Asylum Seekers

One of the things we have become involved in as a church is helping two asylum seekers, who were brought to us by friends in other churches. They are both Africans, and both from Congo, though one is from the Republic of Congo (Brazzaville) and the other from the Democratic Republic of Congo (Kinshasa), and they came to us because we have former Congo missionaries among our members, who speak both French and Lingala.

LaureatLauréat Nsadi, from Brazzaville, is an educated young man, with a Masters’ degree from France, who was a close associate of the former Prime Minister, Bernard Kolelas, overthrown in a military coup in 1997. There was 4 months of Civil War, and Lauréat and his wife eventually managed to escape across the river to the Democratic Republic of Congo (Kinshasa).

In the DRC they lived in various refugee camps organised by the UNHCR, where Lauréat maintained some sort of political activity and was under threat. In April 2002 and with the assistance of the Provincial Governor, the UNHCR put him on a ship bound for Belgium, though his family were not able to go with him.

The ship was diverted to Saõ Paulo, in Brazil, where he was disembarked by the Captain, and taken by the Brazilian authorities for questioning. He stayed in Brazil for 20 months, and was granted refugee status by the authorities. However, he was constantly harassed by the police, and took over a year to get a work permit and passport, which was only valid for two months. Permission to bring his family was constantly refused. Realising he could never settle in Brazil, his friends put him on a plane for England, armed with a French passport obtained in his name.

 

Welcome Back!He arrived at Heathrow on 9th April 2004, and asked for asylum. His initial request was refused, and he was sent to Leicester pending an appeal, being moved to Nottingham in September 2004, when he was brought to our church. The whole church became really involved when he was arrested for deportation in August 2005, and he was visited almost every day in the detention centre in Lindholme, near Doncaster. He was taken to Gatwick, then reprieved at the last minute, and sent to Dover detention centre. Finally, he was released unexpectedly on 12th October 2005 and welcomed home by a small reception committee on the platform of Nottingham Station!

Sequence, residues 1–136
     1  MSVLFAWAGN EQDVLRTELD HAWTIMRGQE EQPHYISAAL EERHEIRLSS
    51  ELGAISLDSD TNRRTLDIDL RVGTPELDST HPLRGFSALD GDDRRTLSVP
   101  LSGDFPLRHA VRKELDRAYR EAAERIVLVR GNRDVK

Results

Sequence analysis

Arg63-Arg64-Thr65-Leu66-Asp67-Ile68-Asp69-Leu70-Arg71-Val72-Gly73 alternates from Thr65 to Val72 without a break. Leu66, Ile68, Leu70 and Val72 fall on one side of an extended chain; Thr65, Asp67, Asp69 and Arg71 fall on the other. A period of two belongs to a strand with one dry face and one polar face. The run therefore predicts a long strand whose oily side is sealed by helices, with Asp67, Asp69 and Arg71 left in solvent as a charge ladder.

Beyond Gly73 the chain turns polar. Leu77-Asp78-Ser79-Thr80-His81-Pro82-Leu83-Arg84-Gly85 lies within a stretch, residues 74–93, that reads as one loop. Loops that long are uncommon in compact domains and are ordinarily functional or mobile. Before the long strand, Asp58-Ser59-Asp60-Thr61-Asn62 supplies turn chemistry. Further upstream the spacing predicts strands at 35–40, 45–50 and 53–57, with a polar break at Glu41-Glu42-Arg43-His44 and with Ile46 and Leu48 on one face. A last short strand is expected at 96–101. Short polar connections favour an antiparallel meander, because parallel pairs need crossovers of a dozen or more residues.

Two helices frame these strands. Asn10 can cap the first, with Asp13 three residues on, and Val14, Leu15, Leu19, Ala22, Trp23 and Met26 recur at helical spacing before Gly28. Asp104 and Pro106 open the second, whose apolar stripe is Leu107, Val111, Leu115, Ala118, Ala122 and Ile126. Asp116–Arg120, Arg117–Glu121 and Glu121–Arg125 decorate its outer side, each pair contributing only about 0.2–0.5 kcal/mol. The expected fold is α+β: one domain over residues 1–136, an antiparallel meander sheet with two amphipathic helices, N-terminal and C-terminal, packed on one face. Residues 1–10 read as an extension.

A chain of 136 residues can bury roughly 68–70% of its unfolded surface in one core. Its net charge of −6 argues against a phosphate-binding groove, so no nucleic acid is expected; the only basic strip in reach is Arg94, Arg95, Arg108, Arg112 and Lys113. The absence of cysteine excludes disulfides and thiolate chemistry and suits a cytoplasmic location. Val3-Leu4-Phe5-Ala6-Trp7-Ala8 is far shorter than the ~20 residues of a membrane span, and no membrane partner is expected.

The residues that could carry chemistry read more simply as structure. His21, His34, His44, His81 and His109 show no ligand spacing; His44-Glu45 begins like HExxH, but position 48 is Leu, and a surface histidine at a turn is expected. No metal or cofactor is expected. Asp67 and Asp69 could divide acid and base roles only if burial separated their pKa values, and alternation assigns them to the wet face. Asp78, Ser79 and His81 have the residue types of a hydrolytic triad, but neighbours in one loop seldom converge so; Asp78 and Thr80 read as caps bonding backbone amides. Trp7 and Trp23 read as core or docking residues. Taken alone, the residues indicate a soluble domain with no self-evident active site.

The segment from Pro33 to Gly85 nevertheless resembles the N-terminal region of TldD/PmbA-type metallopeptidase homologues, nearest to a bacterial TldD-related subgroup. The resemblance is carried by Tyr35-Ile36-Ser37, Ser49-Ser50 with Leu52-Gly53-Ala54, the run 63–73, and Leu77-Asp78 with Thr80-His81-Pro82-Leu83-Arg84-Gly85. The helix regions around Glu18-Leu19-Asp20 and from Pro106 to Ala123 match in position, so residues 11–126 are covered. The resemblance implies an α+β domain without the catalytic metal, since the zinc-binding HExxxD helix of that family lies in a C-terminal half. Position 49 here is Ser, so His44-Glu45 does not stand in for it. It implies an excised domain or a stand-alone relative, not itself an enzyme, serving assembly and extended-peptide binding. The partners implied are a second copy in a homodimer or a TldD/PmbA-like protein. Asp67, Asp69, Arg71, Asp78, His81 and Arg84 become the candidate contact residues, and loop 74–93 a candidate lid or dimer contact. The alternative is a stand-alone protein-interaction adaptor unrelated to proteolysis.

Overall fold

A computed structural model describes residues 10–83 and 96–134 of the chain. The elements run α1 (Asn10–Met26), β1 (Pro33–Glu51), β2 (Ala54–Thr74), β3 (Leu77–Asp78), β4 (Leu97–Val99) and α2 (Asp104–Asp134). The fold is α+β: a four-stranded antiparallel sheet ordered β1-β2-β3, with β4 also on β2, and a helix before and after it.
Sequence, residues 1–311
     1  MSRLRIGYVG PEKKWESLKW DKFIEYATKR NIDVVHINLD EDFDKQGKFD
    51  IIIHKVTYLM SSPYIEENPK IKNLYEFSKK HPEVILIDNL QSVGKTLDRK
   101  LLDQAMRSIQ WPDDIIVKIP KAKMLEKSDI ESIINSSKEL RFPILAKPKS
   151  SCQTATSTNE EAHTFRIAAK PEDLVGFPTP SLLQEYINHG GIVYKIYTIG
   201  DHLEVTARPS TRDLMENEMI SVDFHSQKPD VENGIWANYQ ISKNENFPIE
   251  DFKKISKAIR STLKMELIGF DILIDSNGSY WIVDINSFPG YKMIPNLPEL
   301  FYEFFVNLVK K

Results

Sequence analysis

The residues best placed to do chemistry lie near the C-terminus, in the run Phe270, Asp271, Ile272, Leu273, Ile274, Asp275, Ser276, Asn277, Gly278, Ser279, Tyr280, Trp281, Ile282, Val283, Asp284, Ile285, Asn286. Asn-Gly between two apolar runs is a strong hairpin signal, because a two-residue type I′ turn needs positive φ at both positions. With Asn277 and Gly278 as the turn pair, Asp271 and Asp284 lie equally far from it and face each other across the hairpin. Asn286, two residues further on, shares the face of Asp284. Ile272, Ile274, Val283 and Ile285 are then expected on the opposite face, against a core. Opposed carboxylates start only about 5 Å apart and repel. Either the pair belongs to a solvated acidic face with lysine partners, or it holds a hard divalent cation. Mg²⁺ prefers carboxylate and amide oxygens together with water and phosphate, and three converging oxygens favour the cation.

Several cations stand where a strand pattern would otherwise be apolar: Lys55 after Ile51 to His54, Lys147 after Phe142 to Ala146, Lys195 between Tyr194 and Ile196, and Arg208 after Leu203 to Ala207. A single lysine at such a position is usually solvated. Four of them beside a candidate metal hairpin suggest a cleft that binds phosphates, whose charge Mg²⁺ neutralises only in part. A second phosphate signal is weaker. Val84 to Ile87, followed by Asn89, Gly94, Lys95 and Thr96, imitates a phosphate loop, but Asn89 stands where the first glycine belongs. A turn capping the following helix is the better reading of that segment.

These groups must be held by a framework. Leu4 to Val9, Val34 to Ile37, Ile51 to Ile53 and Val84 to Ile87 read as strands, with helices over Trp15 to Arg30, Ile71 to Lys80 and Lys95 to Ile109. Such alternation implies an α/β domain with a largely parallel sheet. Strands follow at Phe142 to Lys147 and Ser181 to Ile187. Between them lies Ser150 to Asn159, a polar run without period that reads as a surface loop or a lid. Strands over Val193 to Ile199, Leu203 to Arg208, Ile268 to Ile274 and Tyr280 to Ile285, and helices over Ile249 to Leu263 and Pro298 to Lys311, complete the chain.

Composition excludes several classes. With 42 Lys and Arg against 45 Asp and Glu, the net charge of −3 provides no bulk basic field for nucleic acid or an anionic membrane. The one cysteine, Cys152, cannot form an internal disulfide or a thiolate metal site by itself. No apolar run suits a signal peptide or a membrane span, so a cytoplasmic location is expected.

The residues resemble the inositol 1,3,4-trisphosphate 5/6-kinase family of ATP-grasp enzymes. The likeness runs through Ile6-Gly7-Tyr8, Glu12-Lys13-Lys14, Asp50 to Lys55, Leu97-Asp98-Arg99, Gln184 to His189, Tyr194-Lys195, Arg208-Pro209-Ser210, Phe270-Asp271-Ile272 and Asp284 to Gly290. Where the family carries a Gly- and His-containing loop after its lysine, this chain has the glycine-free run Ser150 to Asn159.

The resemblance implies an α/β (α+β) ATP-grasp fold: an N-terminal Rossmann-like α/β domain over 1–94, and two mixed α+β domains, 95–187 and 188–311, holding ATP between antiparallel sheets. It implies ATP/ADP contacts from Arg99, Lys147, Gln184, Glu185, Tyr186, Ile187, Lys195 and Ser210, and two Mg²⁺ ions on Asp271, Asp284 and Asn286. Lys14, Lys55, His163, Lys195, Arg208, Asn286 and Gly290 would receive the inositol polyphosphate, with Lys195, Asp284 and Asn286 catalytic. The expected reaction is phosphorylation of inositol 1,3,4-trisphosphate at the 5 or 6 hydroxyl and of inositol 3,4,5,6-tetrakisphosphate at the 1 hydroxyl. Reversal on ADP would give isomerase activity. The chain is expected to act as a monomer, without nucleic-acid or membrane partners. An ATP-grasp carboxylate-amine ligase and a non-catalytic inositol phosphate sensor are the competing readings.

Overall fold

Since then, he has lived with two of our church members, and been supported financially by the church. He in turn has joined the church, and played a full part in our activities. His legal quest to remain in the UK continues, with help from us, our local MP and many other well-wishers, and we are determined to support him for as long as it takes. The Home Office agreed to reconsider his case in July 2006, and re-interviewed him in January 2007, since when he has heard nothing. We long to see him settled, so that his wife and children can leave the refugee camp after 10 years, and join him.

The second Asylum seeker, Jean Mola, arrived from Congo Kinshasa in October 2006, and his story has a happier outcome. He is blind, has trained as a pastor, and was founder and director of a school for the blind in Kinshasa. His campaigning activities on behalf of the disabled in Kinshasa brought him to the attention of the authorities, and when he refused to join the party of President Kabila and to mobilise the handicapped in support of Kabila’s campaign for re-election, he was arrested and tortured. He fled across the river to Brazzaville, where his wife joined him, leaving their son with her parents. Because of his links with the UK through the Baptist Missionary Society, he decided to come to England, as he could easily be hunted down in Brazzaville. He had already been here before, to the meeting of the Baptist World Alliance in 2005 (ironically, he visited Laureat while the latter was in detention in Lindholme). While he was in Nottingham, we helped him with practical support, such as transport to church and to the Post Office to withdraw his NASS support money. We brought him to Tommy’s on a regular basis, and went with him to the doctors, etc., to provide transport and translation. Luckily, Mola has now been granted permission to remain in the UK, and has moved down to London where he has many friends. We pray for the same outcome for Lauréat, and soon!